But yeah,you’re right on everything you say.I too find them very useful.In fact they are the only way for me to discover unheard great books! And…the great book I’m actually reading is ‘Amerika’! Would I recommend it to you? Yes! It is a very nice read.Although you feel it is Kafka’s first novel,’Amerika’ enjoins all the elements found in Kafka’s universe.I think you will like it!(It is more humorous than The Trial!)

      Thanks for commenting!
      And sorry for replying so late! I was bit taken up. 🙂

  2. I’m one with lndngeek on this – there are some classics that keep on recurring but to much extent the lists of bests and firsts are inevitably a question of the compiler’s taste.

    I’m lucky to have had a great secondary school literature teacher, who simply by teaching us the world’s universally most acknowledged literature pointed me in direction of the books to read. I still benefit from her teaching and it’s very likely that her urging us to read and to keep reader’s journal influenced me in my choice to study literature.

    I’m not really qualified to making any book lists either, except for English literature and even more specifically, Scottish literature. Should anyone need any tips in this particular area, I’m here 😉 !

    1. ..and like Indngeek you’re right! 🙂

      I concede that those lists all boil down to the tastes of the compilers.However I couldn’t get why some really great books couldn’t make it to the 100th place.Don’t the critics take into account the author’s style,techniques and originality?

      Don Quixote was deemed ‘the best literary piece ever written’ by 100 authors,while the other great books were said to be ‘on equal footing’.Judging by such a statement,I believe that there must be something really exceptional about Don Quixote.Yet this very book goes missing in 4 lists! While these critics are entitled to their opinions and tastes,they could have taken a look at the very features of the book that the 100 authors considered before hailing it as one of the best.Thus the book might have made it to the lower tier of the list.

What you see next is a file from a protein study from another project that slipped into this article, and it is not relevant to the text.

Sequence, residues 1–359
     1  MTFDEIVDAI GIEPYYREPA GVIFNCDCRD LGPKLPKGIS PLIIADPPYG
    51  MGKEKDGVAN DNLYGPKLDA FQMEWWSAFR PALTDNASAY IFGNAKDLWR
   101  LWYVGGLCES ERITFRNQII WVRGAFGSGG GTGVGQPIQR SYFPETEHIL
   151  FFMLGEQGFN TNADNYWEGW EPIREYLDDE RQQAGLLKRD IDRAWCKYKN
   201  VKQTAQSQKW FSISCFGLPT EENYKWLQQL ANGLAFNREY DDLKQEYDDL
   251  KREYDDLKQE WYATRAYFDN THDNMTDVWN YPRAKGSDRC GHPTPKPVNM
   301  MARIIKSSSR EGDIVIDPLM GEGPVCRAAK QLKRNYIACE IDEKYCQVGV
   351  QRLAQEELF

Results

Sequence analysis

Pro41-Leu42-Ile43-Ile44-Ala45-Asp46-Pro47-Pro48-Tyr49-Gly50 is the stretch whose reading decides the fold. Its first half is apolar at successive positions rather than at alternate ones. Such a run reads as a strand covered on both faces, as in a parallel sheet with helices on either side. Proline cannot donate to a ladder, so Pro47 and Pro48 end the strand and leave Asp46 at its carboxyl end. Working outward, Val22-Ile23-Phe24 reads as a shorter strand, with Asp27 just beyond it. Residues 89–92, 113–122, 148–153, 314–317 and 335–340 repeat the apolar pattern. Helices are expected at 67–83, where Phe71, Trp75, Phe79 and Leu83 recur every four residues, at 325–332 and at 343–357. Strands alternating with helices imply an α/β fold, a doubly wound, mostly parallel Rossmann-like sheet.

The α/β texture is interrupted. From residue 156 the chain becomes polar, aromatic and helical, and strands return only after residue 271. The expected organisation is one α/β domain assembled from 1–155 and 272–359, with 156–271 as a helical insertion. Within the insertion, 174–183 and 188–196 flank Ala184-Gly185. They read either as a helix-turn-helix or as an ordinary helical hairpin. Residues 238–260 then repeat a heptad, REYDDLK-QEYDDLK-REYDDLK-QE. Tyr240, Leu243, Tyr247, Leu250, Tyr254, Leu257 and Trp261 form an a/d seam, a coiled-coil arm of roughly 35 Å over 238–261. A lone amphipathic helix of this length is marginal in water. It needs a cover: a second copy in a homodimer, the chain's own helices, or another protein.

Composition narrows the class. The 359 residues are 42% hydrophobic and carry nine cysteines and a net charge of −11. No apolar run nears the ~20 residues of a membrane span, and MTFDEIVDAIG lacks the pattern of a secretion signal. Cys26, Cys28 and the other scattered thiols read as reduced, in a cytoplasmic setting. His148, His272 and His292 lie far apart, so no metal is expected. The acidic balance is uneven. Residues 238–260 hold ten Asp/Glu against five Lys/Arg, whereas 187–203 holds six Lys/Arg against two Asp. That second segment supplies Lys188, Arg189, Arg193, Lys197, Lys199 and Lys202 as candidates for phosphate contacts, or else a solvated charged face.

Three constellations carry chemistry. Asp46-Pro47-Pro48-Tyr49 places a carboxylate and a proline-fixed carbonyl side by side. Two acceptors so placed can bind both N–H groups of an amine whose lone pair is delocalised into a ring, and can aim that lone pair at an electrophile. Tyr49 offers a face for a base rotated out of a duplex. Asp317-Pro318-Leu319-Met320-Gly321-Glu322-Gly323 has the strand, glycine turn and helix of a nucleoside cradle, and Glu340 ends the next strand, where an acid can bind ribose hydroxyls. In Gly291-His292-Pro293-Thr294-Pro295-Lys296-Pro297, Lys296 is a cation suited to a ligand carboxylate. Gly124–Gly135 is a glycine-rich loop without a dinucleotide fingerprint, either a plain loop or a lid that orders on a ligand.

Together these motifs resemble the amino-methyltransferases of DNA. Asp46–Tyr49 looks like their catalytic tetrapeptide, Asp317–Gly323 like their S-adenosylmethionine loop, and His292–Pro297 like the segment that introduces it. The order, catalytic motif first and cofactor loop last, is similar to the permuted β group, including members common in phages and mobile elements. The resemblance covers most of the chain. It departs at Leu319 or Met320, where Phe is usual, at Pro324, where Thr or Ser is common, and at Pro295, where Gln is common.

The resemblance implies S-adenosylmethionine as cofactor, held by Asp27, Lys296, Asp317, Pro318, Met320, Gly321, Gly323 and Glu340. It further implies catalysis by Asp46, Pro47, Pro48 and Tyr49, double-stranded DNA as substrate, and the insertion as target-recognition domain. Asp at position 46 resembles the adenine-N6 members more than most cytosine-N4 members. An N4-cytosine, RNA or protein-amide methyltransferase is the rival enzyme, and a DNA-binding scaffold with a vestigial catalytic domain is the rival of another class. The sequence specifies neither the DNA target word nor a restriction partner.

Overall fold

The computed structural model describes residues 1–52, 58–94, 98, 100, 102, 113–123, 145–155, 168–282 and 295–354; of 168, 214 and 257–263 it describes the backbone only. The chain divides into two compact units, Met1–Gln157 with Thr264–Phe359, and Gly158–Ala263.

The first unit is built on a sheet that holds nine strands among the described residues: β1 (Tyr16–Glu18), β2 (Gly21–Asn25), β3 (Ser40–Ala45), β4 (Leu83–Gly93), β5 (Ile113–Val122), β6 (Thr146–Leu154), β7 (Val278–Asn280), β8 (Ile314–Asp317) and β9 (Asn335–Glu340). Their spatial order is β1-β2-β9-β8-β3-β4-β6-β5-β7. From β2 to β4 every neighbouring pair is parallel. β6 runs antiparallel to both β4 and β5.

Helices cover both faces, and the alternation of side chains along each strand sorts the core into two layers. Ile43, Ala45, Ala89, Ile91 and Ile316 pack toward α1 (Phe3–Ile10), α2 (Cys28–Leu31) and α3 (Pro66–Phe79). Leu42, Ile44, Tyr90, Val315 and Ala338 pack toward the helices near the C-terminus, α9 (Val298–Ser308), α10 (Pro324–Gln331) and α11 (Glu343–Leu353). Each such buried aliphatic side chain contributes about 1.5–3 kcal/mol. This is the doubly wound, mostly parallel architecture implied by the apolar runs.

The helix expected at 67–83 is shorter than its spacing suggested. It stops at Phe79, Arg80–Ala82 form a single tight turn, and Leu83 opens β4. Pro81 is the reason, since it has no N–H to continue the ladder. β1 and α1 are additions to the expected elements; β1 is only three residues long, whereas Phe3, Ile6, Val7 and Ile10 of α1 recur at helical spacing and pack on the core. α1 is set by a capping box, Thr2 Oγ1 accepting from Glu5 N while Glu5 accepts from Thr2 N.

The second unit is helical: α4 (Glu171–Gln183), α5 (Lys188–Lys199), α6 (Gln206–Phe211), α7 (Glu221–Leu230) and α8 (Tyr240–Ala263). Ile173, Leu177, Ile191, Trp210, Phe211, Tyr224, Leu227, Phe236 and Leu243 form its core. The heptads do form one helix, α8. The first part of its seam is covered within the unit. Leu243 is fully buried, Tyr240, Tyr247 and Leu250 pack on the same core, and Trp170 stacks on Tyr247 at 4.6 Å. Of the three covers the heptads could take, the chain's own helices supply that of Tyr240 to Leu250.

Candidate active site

Because of such disparity of rankings between those lists,I believe that one should check multiple lists instead of sticking with only one.- I wrote this post as a response to a girl who swears by one list only and who tends to shun books that don’t feature on it.

      On a different note you intrigue me!
      1.Kafka is your countryman.
      2.You live in America.
      3.You’re very acquainted with English and Scottish literature.
      4.And I always thought you had Mexican ancestors.(Because of ‘Mara’ and your profile-thumbnail.) ….

      As always your comment was very much appreciated!